“These are grapes with chicken in them,” Violet confides, climbing on to my chair and wrapping a soft arm around my neck. She pops one in her mouth and darts a look at the stairs.

“Yecch.”

Blythe comes over with a handful, and eats them rapidly. “But they taste the same,” she says.

“No chickeny flavor?” I ask, wincing my way through an aw-shucks book review of Bill Clinton’s autobiography. She nods, chewing, then says, “Don’t tell Mommy.”

“I don’t want to get in trouble,” says Violet.

“Children don’t get in trouble for eating fruit–” I say, looking up from the paper, “Why–”

“She thinks we’re only having one,” Blythe interrupts, popping in another grape,

“Very well, I won’t,” I promise, impressed at her mother’s skill with child psychology.

A few hours later, the children evidently having performed a trick of adult psychology, causing me, at least, to behave in an uncharacteristic way by using the words “okay” and “boardwalk” in the same sentence, we are surrounded by tattoos, bellies, sunburns, corn dogs, arcades, and vendors selling salt water taffy, and are reeling cheerfully out of a shed full of rides known as “Funland.” Paris is faintly green around the edges from riding something called the “Parachute,” and I am faintly green from watching, but everyone else is in fine fettle and ready for fried food.

“Six corn dogs, please,” says our hostess to a sweaty man in a white peaked cap behind a high counter, “And some fried crabcakes, and French fries and– anything else?”

“Wait,” I say, “Let me get this. Just have to dash back to the ATM,” which, with a quick encompassing gesture towards the children, I do. Jog through the throng, nip inside an arcade, punch the ATM buttons, slip the cash into my wallet, and sprint back. I am just opening the wallet again when my host asks worriedly, “Do you have Phoebe?”

What do you mean do I have Phoebe? Why, she was here a minute ago. I thought you had Phoebe–runs through my mind like one of those scrolls on CNN but all I can say is, “No.” Immediately he dashes back along the boardwalk. I go in the other direction, turning this way and that, exuding calm.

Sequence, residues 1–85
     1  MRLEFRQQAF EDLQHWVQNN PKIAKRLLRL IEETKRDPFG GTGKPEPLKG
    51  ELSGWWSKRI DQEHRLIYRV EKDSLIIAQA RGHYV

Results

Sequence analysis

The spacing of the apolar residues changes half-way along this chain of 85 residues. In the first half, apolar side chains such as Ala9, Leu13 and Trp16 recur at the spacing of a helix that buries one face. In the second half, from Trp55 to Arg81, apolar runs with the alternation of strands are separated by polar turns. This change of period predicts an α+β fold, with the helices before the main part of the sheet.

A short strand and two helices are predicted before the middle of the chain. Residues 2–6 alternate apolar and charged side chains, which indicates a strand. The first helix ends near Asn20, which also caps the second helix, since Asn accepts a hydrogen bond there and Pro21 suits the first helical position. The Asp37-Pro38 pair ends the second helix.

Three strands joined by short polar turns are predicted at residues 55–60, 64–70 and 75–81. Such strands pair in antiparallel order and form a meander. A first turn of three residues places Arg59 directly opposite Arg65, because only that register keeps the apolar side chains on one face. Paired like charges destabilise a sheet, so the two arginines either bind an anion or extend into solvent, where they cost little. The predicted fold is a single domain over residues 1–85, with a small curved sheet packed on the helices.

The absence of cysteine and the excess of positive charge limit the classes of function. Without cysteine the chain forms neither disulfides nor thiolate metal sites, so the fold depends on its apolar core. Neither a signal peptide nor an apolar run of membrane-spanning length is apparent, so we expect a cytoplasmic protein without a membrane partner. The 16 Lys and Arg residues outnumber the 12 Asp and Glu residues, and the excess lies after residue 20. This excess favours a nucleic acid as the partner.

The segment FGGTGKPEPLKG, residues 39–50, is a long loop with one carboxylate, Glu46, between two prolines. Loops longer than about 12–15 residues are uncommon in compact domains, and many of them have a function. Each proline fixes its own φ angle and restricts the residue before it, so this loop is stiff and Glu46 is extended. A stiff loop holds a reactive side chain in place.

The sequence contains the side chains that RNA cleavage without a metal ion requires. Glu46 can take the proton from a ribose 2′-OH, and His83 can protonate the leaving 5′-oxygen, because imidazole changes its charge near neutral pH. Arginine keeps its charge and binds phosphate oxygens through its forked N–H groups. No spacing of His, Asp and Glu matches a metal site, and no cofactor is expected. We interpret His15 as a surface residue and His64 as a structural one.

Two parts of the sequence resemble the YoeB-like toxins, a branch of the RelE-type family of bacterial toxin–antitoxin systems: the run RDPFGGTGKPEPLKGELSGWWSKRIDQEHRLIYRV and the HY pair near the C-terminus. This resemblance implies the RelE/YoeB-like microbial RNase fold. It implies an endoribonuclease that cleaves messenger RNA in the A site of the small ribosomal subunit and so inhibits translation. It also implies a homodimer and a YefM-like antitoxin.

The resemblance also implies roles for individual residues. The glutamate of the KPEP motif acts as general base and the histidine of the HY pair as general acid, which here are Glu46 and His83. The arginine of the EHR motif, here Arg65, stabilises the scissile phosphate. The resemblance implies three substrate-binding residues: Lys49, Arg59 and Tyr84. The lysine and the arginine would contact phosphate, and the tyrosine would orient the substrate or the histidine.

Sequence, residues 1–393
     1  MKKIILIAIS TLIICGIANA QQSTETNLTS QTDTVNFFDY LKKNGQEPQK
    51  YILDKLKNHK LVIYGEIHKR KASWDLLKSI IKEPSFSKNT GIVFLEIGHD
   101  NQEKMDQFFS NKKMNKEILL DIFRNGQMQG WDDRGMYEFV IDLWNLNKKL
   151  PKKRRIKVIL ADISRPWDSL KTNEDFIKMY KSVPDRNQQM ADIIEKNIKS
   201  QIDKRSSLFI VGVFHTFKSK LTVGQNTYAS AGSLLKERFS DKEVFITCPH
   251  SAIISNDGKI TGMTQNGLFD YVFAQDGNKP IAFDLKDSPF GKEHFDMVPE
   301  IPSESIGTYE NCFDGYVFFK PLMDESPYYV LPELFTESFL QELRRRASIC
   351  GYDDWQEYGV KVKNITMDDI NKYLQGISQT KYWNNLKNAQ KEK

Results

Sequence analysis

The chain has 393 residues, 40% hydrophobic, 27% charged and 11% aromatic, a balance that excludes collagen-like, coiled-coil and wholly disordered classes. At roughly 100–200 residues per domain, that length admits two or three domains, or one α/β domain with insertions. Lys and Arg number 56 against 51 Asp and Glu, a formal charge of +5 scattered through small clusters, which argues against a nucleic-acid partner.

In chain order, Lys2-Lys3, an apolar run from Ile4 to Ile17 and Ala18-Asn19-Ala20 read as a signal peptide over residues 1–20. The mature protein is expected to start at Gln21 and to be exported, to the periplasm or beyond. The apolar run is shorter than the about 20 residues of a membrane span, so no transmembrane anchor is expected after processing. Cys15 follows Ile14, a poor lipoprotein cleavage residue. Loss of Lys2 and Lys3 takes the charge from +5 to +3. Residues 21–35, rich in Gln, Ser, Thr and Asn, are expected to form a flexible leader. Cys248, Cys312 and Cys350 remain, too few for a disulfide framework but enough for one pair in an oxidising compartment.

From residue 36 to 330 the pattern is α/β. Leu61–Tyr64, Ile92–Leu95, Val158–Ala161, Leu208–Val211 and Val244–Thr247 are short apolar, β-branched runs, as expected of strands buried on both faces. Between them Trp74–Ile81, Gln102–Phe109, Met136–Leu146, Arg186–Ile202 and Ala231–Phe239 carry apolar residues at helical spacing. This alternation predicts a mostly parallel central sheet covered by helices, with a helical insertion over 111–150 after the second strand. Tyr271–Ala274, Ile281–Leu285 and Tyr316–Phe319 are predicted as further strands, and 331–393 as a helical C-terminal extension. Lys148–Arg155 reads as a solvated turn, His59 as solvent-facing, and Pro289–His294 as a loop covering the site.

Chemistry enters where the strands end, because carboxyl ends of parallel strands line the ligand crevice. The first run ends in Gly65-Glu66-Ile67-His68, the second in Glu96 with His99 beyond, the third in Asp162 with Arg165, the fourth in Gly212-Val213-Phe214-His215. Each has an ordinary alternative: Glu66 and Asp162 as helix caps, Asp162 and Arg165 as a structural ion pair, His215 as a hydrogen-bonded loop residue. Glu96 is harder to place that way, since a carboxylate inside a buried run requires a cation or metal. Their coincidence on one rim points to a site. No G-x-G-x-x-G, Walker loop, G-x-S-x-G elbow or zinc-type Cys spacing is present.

“The police are on their way,” our hostess says, circling the other children. “Funland is on alert,” her husband calls back. Molly’s face is red and streaked with tears and it dawns on me that Phoebe has been missing for several minutes already.

No problem, I’m sure she just wandered off to see the ride-em ponies. Hmm…no sign of her there, what about over here? Phoebe, Phoebe, Phoebe, oh God, Phoebe– Don’t be silly, everything is going to be fine. But what if it isn’t? Dear God, I will never be irritated with her ever again if only she– “Phoebe!” I call in a strangled voice.

An anxious woman emerges from the crowd, “What are you looking for?”

“Two year old, bright blonde hair, about this tall–” I gabble, looking past her.

“Oh,” she says, “I know how it feels, once I–”

A car door slams and someone guns an engine, close by. My heart contracts with a sharp pain. What if–I find myself running into a nearby parking lot, my hair in my face, hunting frantically. Dear heaven, she could be anywhere, and as I sprint back into the crowd, dimly aware of two policemen talking to a curly-haired man and taking notes, the anxious woman emerges again and grabs my arm, “I think they have her.”

“Oh, darling–” is all I can manage.

“I want a gumball!” demands the prodigal toddler.

“Why are you crying, Mummy?” Violet asks.

“A pink one!” Phoebe insists.

“Everyone can have gumballs,” I weep happily, handing Molly a ten-dollar bill and crushing Phoebe to me again. It transpires that she had slipped into a shop not ten feet from where everyone else was standing, and had stood, fascinated, behind a huge glass barrel of gumballs. Her identity was revealed only after a kind woman asked the curly-haired man in the shop whether she could buy a gumball “for your daughter.” “My daughter?” he had said to her, recounting the story for us afterwards, “I thought she was your daughter.”

The next morning, there’s a small false-alarm item in the Washington Post. “Swimmers at Rehoboth Beach were evacuated from the water briefly yesterday morning while officials investigated a possible shark sighting,” I read aloud, triumphantly. “See?”

“In the end,” I continue, after a sip of coffee, “Authorities believed the animal was a ray that was possibly sick or wounded.” Just as the old salts had said.

Meghan Cox Gurdon, an NRO columnist, lives in Washington, D.C.